We Americans think helmets are incredibly important– at least I always have. Just the other day when leaving my girlfriend’s house, she informed me that my chinstrap wasn’t tight enough and refused to let me leave until I adjusted it accordingly. I appreciate her looking out for me, but putting me in a choke-hold is a little more affection than I can handle. But I did tighten it, so perhaps her wisdom is just above mine.
My buddy who lives in Boston doesn’t wear a helmet. Cruising around the city on a little BMX bike, he lets the wind massage his scalp, refusing to deny the world a view of his luscious locks. He told me the reason he doesn’t protect his head is because he doesn’t have the money for a helmet right now. If there is anything I can relate to, it is a lack of cash. But helmets can run as cheap as twenty dollars. I’m not sure what my buddy thinks of his life, but the monetary value is apparently below twenty dollars.
In doing research for this column, however, I came across some arguments against helmets, and arguments against me being a sassy know-it-all to my best friend. A New York Times article discussed how mandatory helmet laws actually decrease bicycle use, as shown by bike-share program usage in countries requiring helmets versus those that don’t. This keeps people in cars, taking away health benefits from riders and the planet. Some of the other articles I came across said in wearing a helmet, bikers take chances they wouldn’t otherwise because of a feeling of invincibility. Some studies even suggested that bikers without helmets are treated with more caution by the cars passing them.
It is possible that in our fiendish love of helmets, we, as a society, have made cycling more dangerous than it actually is. When we think of helmets as a catch-all for injury prevention and talk about how dangerous biking can be without them, we scare people away from bikes. This makes it more dangerous for current bikers because when there are more bikers on the road, drivers are more cognizant of them and drive more carefully. Like when surrounded by little kids instead of just next to one, you’re less likely to swear or talk about how all their dreams probably won’t come true.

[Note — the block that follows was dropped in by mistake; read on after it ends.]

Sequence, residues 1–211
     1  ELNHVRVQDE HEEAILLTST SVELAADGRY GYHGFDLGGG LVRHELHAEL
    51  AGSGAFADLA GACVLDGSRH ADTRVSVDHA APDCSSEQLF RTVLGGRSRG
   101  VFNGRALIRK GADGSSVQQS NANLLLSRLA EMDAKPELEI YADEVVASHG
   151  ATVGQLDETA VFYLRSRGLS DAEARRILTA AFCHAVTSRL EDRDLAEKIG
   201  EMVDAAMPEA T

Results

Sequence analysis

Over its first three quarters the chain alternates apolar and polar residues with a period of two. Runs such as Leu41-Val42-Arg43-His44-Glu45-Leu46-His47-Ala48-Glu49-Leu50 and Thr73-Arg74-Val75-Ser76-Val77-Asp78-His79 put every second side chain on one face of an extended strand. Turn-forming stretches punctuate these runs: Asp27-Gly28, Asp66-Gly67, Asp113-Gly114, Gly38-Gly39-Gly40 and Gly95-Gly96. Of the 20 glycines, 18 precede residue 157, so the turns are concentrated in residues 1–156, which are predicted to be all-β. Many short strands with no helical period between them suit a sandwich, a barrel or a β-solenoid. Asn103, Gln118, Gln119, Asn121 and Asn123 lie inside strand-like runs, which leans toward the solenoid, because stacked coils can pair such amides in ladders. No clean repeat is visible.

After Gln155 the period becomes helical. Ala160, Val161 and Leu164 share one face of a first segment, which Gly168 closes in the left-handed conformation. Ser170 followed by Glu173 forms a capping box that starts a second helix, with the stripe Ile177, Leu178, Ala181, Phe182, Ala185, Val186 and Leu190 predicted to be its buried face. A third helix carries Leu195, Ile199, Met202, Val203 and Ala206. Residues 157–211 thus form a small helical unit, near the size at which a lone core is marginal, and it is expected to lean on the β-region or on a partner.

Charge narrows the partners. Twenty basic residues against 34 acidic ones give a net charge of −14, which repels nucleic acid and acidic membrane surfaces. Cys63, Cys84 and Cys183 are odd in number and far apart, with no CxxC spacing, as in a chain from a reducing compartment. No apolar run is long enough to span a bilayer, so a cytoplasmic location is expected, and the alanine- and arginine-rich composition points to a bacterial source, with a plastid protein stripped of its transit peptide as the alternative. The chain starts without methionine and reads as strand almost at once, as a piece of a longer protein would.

After reading through these articles, I thought about my own riding habits and realized that I do ride my bike in a manner I never would without a helmet on. Flying around blind turns on bike paths, racing through yellow lights, jumping curbs on a bike without any shocks whatsoever– I would certainly ride more safely if I didn’t have the sense of security that a helmet provides.
This isn’t to say helmets should be tossed aside. I’ll still wear one, not only because my girlfriend would headbutt me if I didn’t, but also because in the case of a crash, they do provide protective benefits. But they shouldn’t be the primary means of injury avoidance. Helmets should be combined with knowledge on both the side of drivers and cyclists on how to interact with one another. Where helmets can provide a false sense of security, the real safety comes through a community that is bike-friendly and bike-aware.
While I intended this column to be about helmets as essential for any commuter, and though this is still the case, and my buddy is still a slight moron for not wearing one, the real essential for the safety of your noggin is awareness of the road around you, which is a constant process. I’m still learning how to ride safely in traffic, how to properly signal, and how to not daydream in the middle of a dangerous merge. A helmet is still a necessity, and I’ll still wear one, but I hope cars will drive cautiously around me as though I’m not wearing one, and I’ll ride as though I’m not wearing one. Because I want to be safe, and also my girlfriend said, “I’ll kill you if you get yourself killed.” Isn’t she a catch?